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Aztec calendar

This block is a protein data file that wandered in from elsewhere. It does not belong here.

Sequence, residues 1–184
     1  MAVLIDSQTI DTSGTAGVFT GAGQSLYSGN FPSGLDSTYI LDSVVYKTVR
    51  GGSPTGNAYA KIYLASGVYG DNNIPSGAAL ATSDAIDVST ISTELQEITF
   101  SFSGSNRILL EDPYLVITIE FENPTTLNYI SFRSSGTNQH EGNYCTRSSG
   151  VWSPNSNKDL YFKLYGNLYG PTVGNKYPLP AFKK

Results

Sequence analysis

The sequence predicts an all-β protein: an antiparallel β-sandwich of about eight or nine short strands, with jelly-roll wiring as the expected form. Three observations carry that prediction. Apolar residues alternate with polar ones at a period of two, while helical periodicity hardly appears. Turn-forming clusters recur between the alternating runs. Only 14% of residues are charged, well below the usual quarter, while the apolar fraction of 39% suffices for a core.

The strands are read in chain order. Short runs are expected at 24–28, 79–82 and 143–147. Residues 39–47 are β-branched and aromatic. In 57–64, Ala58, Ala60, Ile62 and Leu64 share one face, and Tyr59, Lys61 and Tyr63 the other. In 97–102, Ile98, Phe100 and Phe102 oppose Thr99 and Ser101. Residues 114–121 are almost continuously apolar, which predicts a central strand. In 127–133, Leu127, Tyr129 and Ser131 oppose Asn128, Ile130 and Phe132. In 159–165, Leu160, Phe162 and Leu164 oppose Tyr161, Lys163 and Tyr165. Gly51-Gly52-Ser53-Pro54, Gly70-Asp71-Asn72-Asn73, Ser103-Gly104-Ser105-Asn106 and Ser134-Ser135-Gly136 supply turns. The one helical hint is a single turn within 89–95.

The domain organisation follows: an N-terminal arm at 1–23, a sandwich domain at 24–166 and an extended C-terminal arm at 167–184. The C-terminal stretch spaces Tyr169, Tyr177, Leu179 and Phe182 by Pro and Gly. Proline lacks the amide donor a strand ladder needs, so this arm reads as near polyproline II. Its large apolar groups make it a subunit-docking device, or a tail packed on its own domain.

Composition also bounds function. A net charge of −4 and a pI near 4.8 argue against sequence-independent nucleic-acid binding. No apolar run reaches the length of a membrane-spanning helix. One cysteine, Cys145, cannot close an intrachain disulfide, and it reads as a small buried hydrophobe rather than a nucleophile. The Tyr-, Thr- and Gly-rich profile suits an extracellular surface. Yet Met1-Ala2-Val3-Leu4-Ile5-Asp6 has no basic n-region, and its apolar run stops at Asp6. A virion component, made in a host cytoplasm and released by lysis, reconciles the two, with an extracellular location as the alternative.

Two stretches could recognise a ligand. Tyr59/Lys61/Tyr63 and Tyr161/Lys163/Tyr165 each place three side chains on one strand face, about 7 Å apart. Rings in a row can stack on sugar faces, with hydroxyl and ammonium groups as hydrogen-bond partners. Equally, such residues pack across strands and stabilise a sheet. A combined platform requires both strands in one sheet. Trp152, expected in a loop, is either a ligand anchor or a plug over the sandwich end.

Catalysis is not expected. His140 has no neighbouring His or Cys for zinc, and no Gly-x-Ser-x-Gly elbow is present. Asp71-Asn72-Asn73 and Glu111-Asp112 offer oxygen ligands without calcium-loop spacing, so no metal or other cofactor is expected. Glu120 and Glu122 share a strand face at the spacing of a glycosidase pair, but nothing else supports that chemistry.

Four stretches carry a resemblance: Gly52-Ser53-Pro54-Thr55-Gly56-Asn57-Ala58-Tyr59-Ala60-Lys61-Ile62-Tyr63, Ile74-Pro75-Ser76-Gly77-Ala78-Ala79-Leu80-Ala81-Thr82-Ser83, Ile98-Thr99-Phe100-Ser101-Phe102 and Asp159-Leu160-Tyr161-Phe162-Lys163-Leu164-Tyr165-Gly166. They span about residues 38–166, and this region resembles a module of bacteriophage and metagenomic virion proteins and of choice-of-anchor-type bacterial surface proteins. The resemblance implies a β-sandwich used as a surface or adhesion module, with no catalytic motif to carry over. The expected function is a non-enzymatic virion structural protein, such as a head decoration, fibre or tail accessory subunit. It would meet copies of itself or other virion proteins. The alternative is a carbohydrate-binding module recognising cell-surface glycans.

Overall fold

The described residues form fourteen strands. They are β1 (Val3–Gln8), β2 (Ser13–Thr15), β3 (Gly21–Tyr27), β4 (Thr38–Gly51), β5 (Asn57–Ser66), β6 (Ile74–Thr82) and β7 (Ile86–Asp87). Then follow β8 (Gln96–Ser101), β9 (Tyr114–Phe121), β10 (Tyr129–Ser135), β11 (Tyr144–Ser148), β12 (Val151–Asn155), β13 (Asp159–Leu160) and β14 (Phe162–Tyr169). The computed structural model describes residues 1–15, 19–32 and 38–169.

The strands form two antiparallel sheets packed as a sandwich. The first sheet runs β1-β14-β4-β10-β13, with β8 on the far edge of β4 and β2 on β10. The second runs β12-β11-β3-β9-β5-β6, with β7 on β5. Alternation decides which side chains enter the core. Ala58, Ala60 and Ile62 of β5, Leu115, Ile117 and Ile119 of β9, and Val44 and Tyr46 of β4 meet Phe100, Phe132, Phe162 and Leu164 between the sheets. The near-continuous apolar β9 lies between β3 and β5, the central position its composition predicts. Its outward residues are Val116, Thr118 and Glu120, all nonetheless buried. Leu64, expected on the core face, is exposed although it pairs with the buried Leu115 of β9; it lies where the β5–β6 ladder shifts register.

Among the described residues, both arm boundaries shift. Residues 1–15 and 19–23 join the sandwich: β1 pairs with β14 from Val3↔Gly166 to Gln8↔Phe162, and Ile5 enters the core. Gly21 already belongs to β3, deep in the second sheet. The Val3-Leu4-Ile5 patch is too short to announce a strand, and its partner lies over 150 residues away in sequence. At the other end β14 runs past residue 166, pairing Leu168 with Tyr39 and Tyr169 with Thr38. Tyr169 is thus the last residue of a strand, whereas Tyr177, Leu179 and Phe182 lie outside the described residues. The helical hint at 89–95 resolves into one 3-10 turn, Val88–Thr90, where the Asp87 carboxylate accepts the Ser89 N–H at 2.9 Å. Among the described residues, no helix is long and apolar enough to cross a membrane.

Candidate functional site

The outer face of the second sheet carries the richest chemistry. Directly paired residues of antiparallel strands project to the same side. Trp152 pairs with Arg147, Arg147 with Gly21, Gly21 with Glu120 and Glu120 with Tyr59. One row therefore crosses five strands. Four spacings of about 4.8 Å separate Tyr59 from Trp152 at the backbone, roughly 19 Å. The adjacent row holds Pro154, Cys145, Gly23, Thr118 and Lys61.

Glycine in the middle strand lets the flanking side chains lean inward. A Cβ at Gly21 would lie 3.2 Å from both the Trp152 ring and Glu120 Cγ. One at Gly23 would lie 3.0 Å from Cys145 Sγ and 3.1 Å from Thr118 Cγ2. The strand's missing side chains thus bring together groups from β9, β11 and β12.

The calendar of the Toltecs, Aztecs and Incas. Before its discovery and domination by the Europeans, America was home to peoples who developed a remarkable civilisation. The most famous of these were the Toltecs who founded a powerful empire around the 7th century in the country now occupied by Mexico and its surrounding area; the Aztecs, initially a barbarous tribe from the North who destroyed the Toltec Empire in the 11th century, inheriting the civilisation of the people it supplanted; and, in South America, the Incas whose empire stretched from the shores of the Pacific to the Andes Cordillera, in an area today encompassed within Peru and Chile. Equally worthy of mention are the Maya and Nahuas, in Yucatan and Central America, and the Chibchas who inhabited the basin of the Magdalena River in today's Colombia. Long before the Christian era and the Spanish conquest, these peoples were familiar with the solar year, the use of the gnomon, the rotation of Mars and Venus, and the appearance of the Pleiades. In the fields surrounding Tlathuica, near Cuernavaca, lie the remains of Xochicalco (place of flowers), at the centre of which stands a famous pyramid, the base of which is decorated with bas-reliefs depicting historical events, each dated according to the calendar of that age. A monolithic stone containing the Aztec calendar was mounted for many years at the base of one of Mexico Cathedral's towers. This stone has since been transferred to the city's National Museum. As with all other peoples, the Toltecs, Maya and Nahuas initially relied on lunar calendars before settling on a 365-day solar year more than three centuries before our era. They even recognized, or learnt from other peoples, that the year was too short because, in 249 BC, the priests and astronomers gathering at Huchuctlapallan decided to add an additional day every four years. They would not have been unaware even that this intercalary day was not enough to bring the calendar year fully in line with the solar year. The Maya and Nahuas began the New Year at the winter solstice, which they recognised from the gnomon as the time when the shadow cast by the sun ceased to increase. Of the 365 days of the year, 360 were divided into 18 months of 20 days each, hence the names given by the Aztecs: 1. Atlcahualco 2. Tlacaxipehualitzi 3. Tozoztontli 4. Huey Tozoztli 5. Toxcatl 6. Etzalcualiztli 7. Tecuilhuitontli 8. Huey Tecuilhuitl 9. Tlaxochimaco 10. Xocotl Huetzi 11. Ochpaniztli 12. Teotleco 13. Tepeilhuit 14. Quecholli 15. Panquetzaliztli 16. Atemozli 17. Tititl 18. Izcalli  These 18 months of 20 days gave 360 days to which 5 more days were added at the end of the first month, and a sixth day every four years. Mexico's ancestors used four names to refer to the 20 days of the month: acalt, tecpatl, calli and tocltli, to recall the four winds, the four elements, the four seasons and also the Sun, Venus Moon and Earth. They would repeat these four words in the same order five times in succession in the 20-day month. And although there were originally only these four names, the months consisted of periods of not four but five days, the fifth being a market day. Later on, each of the 20 days had its own individual name:  (In Toltec and in English)1. Acalt (Reed) 2. Ocelotl (Tiger) 3. Cuauhtli (Eagle) 4. Cozcauauhtli (Crow) 5. Ollin (Sun) 6. Tecpatl (Arrow or Flint) 7. Quiauitl (Rain) 8. Xochitl (flower) 9. Cipactli (Fish) 10. Ehecatl (wind) 11. Calli (House) 12. Cuetzpalin (Lizard) 13. Coatl (Grass Snake) 14. Miquiztli (Death) 15. Mazatl (Deer) 16. Tochtli (Rabbit) 17. Atl (Water) 18. Itzcuintl (Dog) 19. Ozomatli (Monkey) 20. Malinalli (Dry Grass)   The four original words were kept to refer to the 1st, 6th, 11th and 16th days. Before these names were set down in written form, they were represented by symbols reminiscent of Egyptian hieroglyphs or the Chaldaean catasterismi of the zodiac. Thus, the first day, Acalt, which means reed, was depicted by a reed before being written as a word; the 16th by a rabbit's head and the others by an eagle, a flower, a lizard, and so forth. It is in this primitive form that the ancient monuments express the 20 days of the month. The names cited above are those of the Nahua calendar. The Aztec calendar used the same words, or rather the same signs, arranged in a different order. The reed, for example, instead of being the first day, was the thirteenth.   The 18 months were also represented by symbols engraved side by side, from the 1st to the 18th, in circular form. In addition, the Toltecs, Maya and Nahuas had a period of 52 years and another of 1,040 years. The Aztecs called the 52-year cycle Xiuhmolpilli, which means "year bundle". It was depicted as a circle at the centre of which was the image of the sun, and around the sun a snake which folded to make four small loops at the four cardinal points of the circle. Each section comprised between two loops was equivalent to one quarter of the circumference and represented 13 years of the cycle. The 52 years were represented by the four primitive symbols referred to above: Acalt (Reed), Tecpatl (Arrow), Calli (House) and Tochtli (Rabbit). These four figures are repeated 13 times in the same order. These peoples then developed the concept of four seasons separated by the four equinox points which they represented using the ends of a cross called Nahui ollin, a symbol that caused astonishment among the Spaniards during their early conquests. The representation of the days, months and years by symbols suggests a kinship between the astronomical science of the ancient peoples of America and that of the Chinese, Chaldaeans and Egyptians. Like the Egyptians, the Toltecs and the Aztecs used hieroglyphs and did not turn to writing until much later. They were also unfamiliar with the use of numbers, in the absence of which symbolic figures were used to represent their numerical characters. Finally, as in Egypt, pyramid remains have been found in these countries. The peoples of South America were less advanced in calendar science than those of Mexico. The Incas had a lunisolar calendar. The winter solstice, which fell on 21 June for them, was a day of great festivity. They knew about it through the use of gnomons. The Chibchas, early inhabitants of todayís Colombia and a fairly civilised people, had only one lunar year made up of 12 lunar months. After the 17th century, at the time of the conquest of Mexico and Peru by the Spaniards, Brazil by the Portuguese, and the colonisation of North America by the French and the English, the European calendar was adopted by the two Americas.